Physical Activity Shows Evidence of Cancer Prevention in the USA
ENGAGING in 5 hours per week of moderate-intensity exercise could prevent 46,000 cancer cases annually in the USA. This evidence has surfaced after a report spotlighted 3% of all cancer cases, in adults 30 years or older, were attributable to physical inactivity between 2013 and 2016.
Regional analysis revealed that in both males and females, the highest proportion of cancers attributable to physical inactivity were in the Southern states of Kentucky, Tennessee, and Mississippi; meanwhile, the lowest were uncovered in Northern states of Washington, Wyoming, and Wisconsin. The current investigation was the first study to estimate the number of cancer cases attributable to physical inactivity based on cancer site. Data on these specific sites showed 16.9% stomach; 11.9% endometrial; 11% kidney; 9.3% colon; 8.1% oesophageal; 6.5% breast; and 3.9% urinary bladder cancers were associated with lack of exercise.
Limitations to the conclusions of this research included the lack of consideration for barriers to recreational exercise, such as hours spent working, the cost of gym membership, access to safe environments to be active, or potential childcare costs. Future research could build on the evidence brought forward by the current study and combine an analysis into these caveats to provide a more holistic and considerate initiative to raise awareness and reduce physical inactivity–related cancer.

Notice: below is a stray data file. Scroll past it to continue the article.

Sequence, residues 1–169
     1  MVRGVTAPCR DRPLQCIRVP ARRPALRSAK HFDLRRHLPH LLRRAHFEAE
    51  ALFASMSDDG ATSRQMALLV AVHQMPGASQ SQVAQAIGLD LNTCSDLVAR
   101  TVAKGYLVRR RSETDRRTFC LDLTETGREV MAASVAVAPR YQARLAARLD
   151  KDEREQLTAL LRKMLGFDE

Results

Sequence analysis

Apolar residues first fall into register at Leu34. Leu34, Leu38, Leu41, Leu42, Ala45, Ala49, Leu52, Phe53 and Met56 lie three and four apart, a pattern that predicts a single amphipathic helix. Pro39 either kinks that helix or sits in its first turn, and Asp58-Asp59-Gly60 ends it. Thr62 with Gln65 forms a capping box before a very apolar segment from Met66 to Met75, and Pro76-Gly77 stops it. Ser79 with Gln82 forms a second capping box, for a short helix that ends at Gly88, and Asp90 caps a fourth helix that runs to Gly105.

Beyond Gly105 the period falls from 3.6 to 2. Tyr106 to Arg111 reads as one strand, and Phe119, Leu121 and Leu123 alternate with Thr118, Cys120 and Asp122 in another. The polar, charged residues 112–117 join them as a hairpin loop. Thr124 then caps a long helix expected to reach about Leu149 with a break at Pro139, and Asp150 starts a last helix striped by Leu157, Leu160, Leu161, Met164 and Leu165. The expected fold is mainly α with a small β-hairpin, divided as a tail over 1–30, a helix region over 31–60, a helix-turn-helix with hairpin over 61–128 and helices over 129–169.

In the context of improving exercise uptake in the USA, lead researcher Adair Minihan, American Cancer Society, stated: “These findings underscore the need to encourage physical activity as a means of cancer prevention and implement individual and community level interventions.” The authors went on to note that “understanding and reducing the behavioural and socioeconomic barriers to physical activity is essential for optimising intervention strategies targeting at risk groups across the country.”